1 Peter 3:10: For, “Whoever would love life and see good days must keep their tongue from evil and their lips from deceitful speech.
What is mercy? It is not getting what we deserve. Because Christ already suffered the judgment and curse.
"O Give Thanks unto the LORD; for he is good, for his mercy endureth for ever" (Ps. 136:1). For this perfection of the divine character God is greatly to be praised.
When we contemplate the characteristics of this divine excellency, we cannot do otherwise than bless God for it. His mercy is "great" (1 Kings 3:6); "plenteous’’ (Ps. 86:5); "tender" (Luke 1:78); "abundant" (1 Pet. 1:3); it is "from everlasting to everlasting upon them that fear him" (Ps. 103:17). Well may we say with the psalmist, "I will sing aloud of thy mercy" (Ps. 59:16).
"I will make all my goodness pass before thee, and I will proclaim the name of the LORD before thee; and will be gracious to whom I will be gracious, and will show mercy on whom I will show mercy" (Ex. 33:19). Wherein differs the mercy of God from his grace? The mercy of God has its spring in the divine goodness. The first issue of God’s goodness is His benignity or bounty, by which He gives liberally to His creatures, as creatures; thus He has given being and life to all things. The second issue of God’s goodness is His mercy, which denotes the ready inclination of God to relieve the misery of fallen creatures. Thus, mercy presupposes sin.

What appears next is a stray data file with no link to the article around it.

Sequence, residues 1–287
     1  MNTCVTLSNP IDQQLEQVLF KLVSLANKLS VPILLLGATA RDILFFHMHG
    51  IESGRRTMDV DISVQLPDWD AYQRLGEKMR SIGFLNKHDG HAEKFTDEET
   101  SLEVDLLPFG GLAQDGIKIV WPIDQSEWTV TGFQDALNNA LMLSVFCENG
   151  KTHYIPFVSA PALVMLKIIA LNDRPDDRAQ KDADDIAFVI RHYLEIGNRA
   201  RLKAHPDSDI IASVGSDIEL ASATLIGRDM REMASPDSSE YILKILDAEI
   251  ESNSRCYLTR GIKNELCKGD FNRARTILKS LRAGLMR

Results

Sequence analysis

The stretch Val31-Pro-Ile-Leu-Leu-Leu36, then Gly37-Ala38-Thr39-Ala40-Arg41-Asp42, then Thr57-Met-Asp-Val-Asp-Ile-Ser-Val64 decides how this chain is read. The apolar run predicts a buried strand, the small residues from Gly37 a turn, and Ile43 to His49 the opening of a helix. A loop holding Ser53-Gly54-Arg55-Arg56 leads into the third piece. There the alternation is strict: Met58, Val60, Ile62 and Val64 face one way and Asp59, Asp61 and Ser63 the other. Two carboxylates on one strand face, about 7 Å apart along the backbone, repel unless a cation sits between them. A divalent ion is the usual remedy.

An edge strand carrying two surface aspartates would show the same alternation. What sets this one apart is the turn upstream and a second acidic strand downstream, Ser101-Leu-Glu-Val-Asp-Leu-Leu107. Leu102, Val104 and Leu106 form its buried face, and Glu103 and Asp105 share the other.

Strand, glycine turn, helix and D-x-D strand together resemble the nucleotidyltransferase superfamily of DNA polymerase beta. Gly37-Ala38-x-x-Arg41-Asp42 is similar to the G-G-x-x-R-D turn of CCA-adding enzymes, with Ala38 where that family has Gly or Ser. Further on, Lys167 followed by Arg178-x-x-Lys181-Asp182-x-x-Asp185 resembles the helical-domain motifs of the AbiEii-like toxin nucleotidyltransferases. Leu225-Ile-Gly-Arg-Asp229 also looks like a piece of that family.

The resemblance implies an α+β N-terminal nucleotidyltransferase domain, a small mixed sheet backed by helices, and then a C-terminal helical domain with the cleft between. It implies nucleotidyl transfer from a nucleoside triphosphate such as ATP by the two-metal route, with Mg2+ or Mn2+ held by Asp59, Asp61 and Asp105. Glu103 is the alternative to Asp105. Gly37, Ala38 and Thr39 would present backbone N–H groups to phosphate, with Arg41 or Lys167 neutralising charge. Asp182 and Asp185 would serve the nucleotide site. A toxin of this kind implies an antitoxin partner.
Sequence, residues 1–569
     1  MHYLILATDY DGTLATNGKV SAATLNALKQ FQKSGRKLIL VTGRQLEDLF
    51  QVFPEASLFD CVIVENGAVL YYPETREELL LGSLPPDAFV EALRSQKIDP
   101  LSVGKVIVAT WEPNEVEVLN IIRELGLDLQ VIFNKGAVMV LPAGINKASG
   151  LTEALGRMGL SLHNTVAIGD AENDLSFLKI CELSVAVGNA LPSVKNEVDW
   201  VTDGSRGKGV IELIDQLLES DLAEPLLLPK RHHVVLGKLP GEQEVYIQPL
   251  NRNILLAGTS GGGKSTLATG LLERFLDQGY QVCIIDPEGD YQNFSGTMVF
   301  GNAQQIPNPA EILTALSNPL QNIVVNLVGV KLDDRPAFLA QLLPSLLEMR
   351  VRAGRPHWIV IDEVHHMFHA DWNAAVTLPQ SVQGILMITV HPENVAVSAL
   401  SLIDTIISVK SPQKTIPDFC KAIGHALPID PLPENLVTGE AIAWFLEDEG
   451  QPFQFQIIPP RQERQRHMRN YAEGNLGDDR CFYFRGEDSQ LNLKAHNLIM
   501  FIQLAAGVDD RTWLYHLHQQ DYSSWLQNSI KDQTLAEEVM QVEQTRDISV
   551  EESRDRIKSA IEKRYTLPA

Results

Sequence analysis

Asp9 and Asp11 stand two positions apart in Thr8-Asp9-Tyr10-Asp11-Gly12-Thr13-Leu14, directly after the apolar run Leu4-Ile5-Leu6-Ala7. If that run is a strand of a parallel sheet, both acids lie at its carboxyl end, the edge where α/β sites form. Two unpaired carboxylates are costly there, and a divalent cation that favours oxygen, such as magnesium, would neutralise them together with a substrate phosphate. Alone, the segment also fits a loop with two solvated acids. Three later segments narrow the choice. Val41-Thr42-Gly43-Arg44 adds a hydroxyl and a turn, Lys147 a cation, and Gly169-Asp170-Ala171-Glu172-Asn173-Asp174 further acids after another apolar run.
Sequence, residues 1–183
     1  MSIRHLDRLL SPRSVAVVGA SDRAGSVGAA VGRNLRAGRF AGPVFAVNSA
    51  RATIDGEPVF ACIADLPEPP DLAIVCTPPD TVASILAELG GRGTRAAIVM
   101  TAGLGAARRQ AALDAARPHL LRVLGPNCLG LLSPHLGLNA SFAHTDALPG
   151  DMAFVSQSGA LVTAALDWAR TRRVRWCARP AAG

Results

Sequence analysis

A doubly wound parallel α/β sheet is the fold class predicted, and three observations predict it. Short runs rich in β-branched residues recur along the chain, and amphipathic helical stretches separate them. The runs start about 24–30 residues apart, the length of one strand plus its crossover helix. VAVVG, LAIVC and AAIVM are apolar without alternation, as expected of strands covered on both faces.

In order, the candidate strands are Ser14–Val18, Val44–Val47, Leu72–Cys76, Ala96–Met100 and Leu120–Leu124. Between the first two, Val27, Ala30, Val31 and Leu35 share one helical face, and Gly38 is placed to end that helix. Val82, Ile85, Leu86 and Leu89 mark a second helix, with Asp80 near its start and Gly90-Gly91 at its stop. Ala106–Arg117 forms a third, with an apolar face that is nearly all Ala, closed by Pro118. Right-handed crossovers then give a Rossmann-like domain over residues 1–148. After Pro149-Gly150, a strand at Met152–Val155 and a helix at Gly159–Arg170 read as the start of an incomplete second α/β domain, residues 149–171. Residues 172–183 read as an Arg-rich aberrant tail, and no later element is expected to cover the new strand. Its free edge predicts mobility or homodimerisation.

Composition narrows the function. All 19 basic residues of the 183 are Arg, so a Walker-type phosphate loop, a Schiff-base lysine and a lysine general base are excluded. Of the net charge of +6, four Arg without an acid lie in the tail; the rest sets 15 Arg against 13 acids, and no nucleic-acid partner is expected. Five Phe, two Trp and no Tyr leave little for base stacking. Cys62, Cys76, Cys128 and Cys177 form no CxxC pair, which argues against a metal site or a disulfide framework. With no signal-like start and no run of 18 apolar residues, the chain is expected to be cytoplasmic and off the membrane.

Far Less Has Been Written on the patience of God than on the other excellencies of divine character. Not a few of those who have expatiated at length upon the divine attributes have passed over the patience of God without any comment. It is not easy to suggest a reason for this, for surely the longsuffering of God is as much one of the divine perfections as is His wisdom, power, or holiness—as much to be admired and revered by us. True, the actual term will not be found in a concordance so frequently as the others, but the glory of this grace shines on almost every page of Scripture. Certainly we lose much if we do not frequently meditate upon the patience of God and earnestly pray that our hearts and ways may be more completely conformed thereto.